Thus, this year is crucial from an academic perspective as colleges are going to be scrutinizing your junior year grades more than any other year. This year, your grades need to be the highest they have ever been, so it’s really time to buckle down and focus on your studies.
Make Some Strides In Your Extracurriculars
By the time your student becomes a Junior, they ought to have been in some school organizations and activities long enough to have some influence or even a leadership position. They should use this new elevated status to do something meaningful for the organization. This can be a large fundraiser, an internal restructuring of the organization, or any other project that would make a lasting impact on the organization and look good on their college applications.
These extracurricular strides will help to set them apart from other students in the college application process and give them some great talking points for their college interviews and college essays.
If You Haven’t Already, Start Applying To Scholarships
Once you’re a junior, it’s not quite time to apply for need-based financial aid. That happens mostly during your senior year. However, you are free to start applying to merit-based scholarships and other grants as soon as you enter high school.
There are tons of merit-based scholarships that are open to high school juniors only, and the pool of applicants is usually smaller for those types of scholarships. Moreover, even if you come across scholarship that is only open to seniors during your scholarship search, you can save it to apply to later.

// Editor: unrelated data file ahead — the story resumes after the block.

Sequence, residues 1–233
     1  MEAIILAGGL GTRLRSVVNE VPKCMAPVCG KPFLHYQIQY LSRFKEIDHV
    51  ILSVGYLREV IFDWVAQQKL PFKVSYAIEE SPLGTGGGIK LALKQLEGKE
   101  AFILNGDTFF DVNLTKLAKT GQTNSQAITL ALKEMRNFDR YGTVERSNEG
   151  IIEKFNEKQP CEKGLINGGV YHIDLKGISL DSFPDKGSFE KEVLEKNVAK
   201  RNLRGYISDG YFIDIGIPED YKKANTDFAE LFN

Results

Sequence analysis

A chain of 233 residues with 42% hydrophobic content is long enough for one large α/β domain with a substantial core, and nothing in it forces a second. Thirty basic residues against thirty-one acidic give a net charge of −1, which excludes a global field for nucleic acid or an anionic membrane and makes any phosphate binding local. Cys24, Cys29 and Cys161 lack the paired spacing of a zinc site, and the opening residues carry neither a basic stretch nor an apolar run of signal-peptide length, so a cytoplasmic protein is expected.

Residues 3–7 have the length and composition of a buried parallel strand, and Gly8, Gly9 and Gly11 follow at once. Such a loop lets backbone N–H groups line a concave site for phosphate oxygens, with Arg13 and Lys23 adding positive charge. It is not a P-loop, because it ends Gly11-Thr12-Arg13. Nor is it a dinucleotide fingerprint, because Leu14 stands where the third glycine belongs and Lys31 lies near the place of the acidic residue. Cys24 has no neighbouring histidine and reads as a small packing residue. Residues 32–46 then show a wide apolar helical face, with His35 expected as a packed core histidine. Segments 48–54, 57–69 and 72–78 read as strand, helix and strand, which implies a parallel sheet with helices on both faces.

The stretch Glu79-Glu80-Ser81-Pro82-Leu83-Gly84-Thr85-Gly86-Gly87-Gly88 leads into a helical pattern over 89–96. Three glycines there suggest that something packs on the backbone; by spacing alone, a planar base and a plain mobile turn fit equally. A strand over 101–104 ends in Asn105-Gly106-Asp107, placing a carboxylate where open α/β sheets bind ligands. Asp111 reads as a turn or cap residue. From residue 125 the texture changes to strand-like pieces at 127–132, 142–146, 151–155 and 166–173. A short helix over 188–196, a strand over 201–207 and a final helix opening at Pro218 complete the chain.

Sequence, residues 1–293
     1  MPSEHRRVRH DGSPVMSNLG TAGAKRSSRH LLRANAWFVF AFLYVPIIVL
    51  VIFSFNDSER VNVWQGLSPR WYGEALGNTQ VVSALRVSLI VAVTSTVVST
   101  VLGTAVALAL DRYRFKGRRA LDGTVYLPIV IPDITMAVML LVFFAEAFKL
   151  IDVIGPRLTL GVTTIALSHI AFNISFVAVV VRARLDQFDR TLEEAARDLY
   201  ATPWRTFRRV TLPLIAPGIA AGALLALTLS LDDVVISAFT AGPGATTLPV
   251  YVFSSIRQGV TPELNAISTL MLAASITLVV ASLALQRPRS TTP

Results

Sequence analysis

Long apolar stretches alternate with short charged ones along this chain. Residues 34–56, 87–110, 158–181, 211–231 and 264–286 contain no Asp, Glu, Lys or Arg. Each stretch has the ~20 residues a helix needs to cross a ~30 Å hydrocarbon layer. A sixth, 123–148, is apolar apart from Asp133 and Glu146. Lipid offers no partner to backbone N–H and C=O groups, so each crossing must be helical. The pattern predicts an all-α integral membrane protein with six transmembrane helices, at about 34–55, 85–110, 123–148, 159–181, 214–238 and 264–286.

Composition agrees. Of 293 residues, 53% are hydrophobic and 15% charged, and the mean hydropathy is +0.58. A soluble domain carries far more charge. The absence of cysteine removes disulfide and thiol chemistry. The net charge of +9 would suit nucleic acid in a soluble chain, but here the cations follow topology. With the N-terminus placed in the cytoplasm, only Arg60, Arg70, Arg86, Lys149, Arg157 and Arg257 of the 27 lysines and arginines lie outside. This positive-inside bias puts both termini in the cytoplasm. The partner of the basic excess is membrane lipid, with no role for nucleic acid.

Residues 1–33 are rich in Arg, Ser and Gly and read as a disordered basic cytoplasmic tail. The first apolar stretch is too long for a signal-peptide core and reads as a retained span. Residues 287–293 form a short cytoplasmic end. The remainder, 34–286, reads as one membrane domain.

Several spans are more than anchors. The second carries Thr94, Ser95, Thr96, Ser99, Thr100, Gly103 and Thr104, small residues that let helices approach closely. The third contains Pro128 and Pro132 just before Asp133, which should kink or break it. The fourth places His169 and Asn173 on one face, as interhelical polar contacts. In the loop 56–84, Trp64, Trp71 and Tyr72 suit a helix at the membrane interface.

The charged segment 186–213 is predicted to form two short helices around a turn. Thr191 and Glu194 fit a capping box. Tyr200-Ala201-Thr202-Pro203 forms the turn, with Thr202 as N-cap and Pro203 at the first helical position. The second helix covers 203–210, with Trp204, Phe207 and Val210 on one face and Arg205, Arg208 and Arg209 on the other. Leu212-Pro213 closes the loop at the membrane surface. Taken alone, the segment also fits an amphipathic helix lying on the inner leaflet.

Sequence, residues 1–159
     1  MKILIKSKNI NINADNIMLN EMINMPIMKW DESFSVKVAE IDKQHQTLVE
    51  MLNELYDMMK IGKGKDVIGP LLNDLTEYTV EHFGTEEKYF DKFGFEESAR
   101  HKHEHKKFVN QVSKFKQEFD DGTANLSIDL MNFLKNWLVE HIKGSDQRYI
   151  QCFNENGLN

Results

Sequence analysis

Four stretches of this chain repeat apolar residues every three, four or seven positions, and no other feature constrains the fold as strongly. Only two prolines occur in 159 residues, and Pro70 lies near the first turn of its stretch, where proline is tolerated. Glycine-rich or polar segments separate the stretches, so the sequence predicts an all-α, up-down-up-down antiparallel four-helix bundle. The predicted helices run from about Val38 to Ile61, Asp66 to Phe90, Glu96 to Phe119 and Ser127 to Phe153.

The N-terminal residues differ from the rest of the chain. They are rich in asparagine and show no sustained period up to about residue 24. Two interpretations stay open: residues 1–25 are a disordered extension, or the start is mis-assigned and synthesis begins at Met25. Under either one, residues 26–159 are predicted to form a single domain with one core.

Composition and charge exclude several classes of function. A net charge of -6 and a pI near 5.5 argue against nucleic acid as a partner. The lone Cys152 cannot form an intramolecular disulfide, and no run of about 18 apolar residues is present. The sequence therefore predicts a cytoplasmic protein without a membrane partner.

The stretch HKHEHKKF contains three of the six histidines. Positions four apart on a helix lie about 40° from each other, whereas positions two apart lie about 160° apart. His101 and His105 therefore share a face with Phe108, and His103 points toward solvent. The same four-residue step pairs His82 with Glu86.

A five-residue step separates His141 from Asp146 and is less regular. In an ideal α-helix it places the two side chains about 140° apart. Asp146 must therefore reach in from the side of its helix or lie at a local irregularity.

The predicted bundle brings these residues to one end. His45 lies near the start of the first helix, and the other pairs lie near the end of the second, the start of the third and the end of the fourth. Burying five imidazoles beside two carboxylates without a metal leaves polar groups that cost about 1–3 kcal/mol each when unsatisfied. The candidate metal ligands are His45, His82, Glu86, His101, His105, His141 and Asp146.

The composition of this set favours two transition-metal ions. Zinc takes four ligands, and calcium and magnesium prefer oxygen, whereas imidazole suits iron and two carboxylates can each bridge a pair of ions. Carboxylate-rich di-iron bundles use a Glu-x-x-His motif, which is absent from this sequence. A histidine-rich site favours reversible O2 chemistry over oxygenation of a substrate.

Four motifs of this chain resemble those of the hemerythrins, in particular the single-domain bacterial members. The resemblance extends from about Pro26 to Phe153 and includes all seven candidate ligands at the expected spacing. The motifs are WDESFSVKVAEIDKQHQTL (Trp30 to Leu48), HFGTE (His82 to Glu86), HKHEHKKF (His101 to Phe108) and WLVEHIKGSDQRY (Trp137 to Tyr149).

If you’re unsure how to start your scholarship and financial aid search, perhaps these previous blog posts will help:
This year is going to be the busiest one your student has ever had from an academic and extracurricular perspective. On top of that, your student’s head may be spinning from all the big decisions they’re going to have to make about college and their future next year.
With all that going on, you and your student should do a sanity check conversation every once in a while just to make sure that he or she is doing okay. You don’t even have to talk about college. You guys can talk about or do anything as long as it reassures and de-stresses your teen. Taking these small breaks can vastly increase your child’s mental health and decrease their stress levels during this busy, high-stakes time in his or her life.
For More Information
Want more resources for the parents of high school students? Here are some previous blog posts for you:
Feeling like your student needs a little boost in high school? Check out CollegeVine’s Neer Peer Mentorship Program, where your student will be matched with a successful college student who is on the same path you are when it comes to your academic, career, and college goals. This mentor will meet with you and your student to provide helpful advice on all topics from college admissions to career goals, and they’ll make sure that you are poised to succeed throughout high school.